Wednesday: Return to the oral histories! Troubleshoot should probably be my middle name, because while I finish the transcripts, and scan in the ones that didn’t exist digitally, many of the files are corrupt. I decide to just finish ripping everything, create a physical log of all the things that need to be done (find master copy, rip file, convert to .wmv, rename, store, upload to Past Perfect, edit metadata).
Thursday: Felicite is back. Felicite works Tuesdays and Thursdays, if you didn’t get that before. So I return to the Powell collection and finish putting everything into photo envelopes.
Friday: Sabryna is in (another consulting archivist who is in most days but works more with objects) and is using the computer for half the day. While she does that I start to sort and organize the Powell Collection. Now, if I’m being honest, I should have probably started to write a finding guide before I started this. Real fast though, this is what a finding guide is. So while I still feel like I should have started a guide before actual sorting and eventual organization, I’ve seen all these photos at least twice, and there was no natural order to speak of, for a life with many interests over a long period of time. Realistically, writing a guide after the fact may be smarter, but time has yet to tell. I decide to break everything up by vague categories, then I’ll keep working my way in to become more and more specific. So I have professional, family, and personal lives. Breakdown becomes more specific per category, and all of this is evolving as I go along. For instance, there is a personal – amateur photography – activity – vehicular folder. This means that these photos were taken by Powell, display an activity, and it involves some kind of moving vehicle. We have personal – amateur photography – still life, personal – amateur photography – architecture and landscapes, personal – amateur photography – activity – leisure, and it goes on and on. While I know there are photos in the collection that just don’t have a set place, like the following, which is really cool but who knows what was happening here. It’s a start.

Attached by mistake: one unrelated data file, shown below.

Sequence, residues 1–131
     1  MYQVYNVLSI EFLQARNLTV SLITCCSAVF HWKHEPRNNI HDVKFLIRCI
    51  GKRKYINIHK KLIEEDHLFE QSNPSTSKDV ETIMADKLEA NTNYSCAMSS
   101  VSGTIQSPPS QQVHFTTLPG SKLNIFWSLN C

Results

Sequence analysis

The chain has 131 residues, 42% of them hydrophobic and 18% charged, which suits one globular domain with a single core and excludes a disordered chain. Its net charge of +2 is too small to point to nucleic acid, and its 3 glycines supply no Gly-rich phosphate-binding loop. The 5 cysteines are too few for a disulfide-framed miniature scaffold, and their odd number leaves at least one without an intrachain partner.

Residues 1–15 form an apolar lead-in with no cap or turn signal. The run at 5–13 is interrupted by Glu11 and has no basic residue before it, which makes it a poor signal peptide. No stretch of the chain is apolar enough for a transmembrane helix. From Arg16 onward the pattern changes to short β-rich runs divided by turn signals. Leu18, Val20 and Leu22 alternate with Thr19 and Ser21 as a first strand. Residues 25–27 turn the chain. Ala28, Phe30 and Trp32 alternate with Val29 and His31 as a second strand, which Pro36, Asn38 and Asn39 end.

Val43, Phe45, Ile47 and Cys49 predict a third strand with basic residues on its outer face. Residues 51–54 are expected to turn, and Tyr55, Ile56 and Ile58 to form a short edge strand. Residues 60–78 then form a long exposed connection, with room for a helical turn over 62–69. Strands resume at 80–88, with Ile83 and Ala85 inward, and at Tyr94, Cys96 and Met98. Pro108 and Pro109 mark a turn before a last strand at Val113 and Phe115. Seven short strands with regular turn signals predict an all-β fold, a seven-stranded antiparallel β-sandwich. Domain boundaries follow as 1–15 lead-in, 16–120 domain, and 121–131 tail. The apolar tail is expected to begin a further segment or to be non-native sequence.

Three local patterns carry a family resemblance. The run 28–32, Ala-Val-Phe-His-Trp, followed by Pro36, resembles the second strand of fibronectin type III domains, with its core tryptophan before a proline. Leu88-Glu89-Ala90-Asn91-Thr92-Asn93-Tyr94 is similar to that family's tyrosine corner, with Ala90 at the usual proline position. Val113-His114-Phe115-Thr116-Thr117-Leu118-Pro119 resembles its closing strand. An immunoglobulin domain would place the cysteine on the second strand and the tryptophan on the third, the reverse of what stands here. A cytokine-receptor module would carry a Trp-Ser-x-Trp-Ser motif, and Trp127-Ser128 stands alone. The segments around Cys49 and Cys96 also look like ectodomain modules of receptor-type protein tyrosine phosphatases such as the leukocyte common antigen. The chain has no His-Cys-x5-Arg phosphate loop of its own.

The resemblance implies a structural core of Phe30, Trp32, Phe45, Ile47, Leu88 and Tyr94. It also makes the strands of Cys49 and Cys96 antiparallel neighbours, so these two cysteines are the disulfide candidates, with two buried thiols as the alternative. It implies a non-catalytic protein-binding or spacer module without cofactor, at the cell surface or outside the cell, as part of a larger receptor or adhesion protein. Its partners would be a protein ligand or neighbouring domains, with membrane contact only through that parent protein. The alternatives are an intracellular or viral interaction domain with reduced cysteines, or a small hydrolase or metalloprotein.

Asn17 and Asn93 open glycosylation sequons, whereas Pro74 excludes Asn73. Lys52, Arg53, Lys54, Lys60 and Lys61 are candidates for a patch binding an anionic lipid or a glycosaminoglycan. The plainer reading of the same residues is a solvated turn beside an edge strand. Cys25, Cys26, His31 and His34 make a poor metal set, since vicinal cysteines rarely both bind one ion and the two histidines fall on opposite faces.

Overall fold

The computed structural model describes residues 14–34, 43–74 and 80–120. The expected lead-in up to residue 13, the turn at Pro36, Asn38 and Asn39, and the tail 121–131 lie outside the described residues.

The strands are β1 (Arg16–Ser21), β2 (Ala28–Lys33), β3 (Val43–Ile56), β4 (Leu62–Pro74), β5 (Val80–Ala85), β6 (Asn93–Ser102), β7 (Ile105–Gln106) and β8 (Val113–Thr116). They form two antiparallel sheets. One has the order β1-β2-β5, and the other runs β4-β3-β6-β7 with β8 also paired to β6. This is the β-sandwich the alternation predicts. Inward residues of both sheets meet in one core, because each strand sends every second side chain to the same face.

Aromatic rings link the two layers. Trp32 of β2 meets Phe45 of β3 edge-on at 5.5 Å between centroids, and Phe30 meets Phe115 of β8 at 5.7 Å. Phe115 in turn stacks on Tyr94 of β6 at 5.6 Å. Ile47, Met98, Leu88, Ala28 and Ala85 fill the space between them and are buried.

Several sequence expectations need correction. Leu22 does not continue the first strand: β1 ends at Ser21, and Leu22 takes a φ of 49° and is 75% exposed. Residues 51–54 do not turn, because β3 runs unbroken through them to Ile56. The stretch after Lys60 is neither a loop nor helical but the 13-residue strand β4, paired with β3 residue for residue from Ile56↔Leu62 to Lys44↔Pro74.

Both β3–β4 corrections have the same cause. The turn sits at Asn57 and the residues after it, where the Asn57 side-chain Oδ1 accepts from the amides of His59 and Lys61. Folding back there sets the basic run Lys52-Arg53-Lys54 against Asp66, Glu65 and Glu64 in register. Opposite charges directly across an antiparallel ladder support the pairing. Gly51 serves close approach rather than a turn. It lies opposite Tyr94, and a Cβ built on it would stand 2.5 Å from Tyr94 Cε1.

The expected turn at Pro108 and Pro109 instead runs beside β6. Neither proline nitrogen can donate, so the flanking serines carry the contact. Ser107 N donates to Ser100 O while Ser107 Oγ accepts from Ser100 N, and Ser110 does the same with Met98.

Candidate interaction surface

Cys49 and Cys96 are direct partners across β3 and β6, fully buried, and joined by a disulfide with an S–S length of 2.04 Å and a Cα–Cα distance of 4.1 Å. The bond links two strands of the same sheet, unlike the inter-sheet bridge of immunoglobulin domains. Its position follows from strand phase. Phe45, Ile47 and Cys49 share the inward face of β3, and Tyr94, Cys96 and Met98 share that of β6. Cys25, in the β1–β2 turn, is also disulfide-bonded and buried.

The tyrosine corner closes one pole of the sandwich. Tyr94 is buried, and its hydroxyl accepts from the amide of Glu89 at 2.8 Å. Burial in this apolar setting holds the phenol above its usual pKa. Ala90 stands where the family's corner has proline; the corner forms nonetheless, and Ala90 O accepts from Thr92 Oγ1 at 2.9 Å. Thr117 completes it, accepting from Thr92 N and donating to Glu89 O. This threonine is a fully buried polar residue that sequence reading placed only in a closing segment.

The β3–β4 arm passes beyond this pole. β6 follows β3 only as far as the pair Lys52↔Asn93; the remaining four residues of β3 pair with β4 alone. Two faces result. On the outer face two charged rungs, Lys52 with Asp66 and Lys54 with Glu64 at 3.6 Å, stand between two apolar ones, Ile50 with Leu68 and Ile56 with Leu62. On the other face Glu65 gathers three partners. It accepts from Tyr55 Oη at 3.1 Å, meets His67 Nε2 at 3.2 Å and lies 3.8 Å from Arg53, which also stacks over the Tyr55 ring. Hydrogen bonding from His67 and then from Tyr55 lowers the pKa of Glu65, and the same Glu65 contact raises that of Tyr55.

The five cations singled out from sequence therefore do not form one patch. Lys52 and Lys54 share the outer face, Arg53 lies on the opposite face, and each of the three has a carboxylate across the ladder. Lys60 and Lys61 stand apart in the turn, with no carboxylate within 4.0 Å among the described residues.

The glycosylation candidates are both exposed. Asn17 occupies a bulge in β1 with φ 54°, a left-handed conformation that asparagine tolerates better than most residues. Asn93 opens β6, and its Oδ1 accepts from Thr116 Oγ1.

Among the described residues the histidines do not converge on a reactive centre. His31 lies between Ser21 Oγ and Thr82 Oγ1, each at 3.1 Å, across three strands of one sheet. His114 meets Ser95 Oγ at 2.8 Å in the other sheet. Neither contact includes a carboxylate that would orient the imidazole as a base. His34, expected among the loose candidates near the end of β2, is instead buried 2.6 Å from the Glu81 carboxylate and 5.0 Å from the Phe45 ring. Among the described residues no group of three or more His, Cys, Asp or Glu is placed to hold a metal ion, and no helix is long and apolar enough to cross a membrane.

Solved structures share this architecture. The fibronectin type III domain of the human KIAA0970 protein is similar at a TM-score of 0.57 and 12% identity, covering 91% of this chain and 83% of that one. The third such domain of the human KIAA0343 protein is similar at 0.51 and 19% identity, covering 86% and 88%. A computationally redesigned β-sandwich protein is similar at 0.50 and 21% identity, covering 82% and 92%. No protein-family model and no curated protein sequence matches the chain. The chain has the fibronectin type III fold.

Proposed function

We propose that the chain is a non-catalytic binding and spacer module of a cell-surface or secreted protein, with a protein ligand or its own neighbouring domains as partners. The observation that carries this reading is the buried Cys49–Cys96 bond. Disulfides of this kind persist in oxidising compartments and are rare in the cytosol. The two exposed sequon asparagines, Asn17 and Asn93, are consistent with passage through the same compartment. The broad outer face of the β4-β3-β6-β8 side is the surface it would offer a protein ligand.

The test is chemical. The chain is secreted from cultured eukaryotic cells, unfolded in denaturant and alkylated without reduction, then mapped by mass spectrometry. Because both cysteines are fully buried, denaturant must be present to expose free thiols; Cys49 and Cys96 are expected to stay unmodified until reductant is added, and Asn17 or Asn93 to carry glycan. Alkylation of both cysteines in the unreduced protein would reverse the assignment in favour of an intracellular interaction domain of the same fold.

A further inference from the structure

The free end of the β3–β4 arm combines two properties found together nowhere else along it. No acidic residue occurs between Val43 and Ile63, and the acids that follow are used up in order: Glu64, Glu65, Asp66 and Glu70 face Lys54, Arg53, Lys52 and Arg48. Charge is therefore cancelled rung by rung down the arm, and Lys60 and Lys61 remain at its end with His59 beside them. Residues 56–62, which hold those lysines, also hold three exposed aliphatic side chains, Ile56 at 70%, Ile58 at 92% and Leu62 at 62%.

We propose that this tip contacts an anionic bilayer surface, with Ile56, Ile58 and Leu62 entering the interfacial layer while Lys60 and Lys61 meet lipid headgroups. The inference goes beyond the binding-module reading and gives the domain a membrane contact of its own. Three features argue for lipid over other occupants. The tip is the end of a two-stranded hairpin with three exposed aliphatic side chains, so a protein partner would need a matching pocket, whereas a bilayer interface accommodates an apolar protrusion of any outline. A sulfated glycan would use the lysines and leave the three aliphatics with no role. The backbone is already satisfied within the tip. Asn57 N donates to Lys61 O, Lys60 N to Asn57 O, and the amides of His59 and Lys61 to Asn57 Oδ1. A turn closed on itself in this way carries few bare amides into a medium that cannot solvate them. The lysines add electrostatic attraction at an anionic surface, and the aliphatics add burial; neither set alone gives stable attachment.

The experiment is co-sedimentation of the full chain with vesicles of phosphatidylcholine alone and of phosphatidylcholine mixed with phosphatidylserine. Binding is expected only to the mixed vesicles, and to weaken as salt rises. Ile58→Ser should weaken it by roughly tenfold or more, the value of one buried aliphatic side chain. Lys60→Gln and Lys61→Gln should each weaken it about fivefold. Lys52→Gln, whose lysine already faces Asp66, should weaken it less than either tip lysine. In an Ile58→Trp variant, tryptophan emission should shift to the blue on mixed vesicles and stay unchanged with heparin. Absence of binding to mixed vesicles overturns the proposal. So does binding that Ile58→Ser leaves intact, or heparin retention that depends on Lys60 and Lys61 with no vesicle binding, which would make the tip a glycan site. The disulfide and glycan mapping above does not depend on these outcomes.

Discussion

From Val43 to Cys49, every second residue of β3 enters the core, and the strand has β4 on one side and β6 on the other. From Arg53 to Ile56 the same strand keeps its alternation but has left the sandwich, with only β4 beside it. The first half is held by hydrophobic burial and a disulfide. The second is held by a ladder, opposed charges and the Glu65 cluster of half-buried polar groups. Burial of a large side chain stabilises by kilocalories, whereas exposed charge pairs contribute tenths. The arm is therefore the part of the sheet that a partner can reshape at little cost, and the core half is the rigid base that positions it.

JAP SUB – 10-15-1943, courtesy of the African American Museum
When Sabryna goes home, I go back to the oral histories. I sort and weed out all the corrupt video files! I even upload all the videos to Past Perfect, ignoring all the corrupt videos so I can search for the master copies and hope they aren’t damaged as well. At 3:54pm Past Perfect won’t respond (this isn’t a big deal, sometimes systems get a little stressed out when you’re running large programs, ripping large videos, and converting other large videos all at the same time). I leave it be usually, and it take a bit, but everything goes smoothly. I return at 4:00pm and Past Perfect has ‘unexpectedly closed.’ I start up Past Perfect and see that all my uploading work hasn’t been recorded. I take it as a sign to go home, because come on.
That was Week 3. You get the idea though, because I powered through researching and revising outdated museum traveling exhibits for re-print, the basic exhibition and label writing skills of the internship as been a little light lately. But no longer! Today (Tuesday of Week 4) I got a really cool project that I can’t wait to tell you all about next week.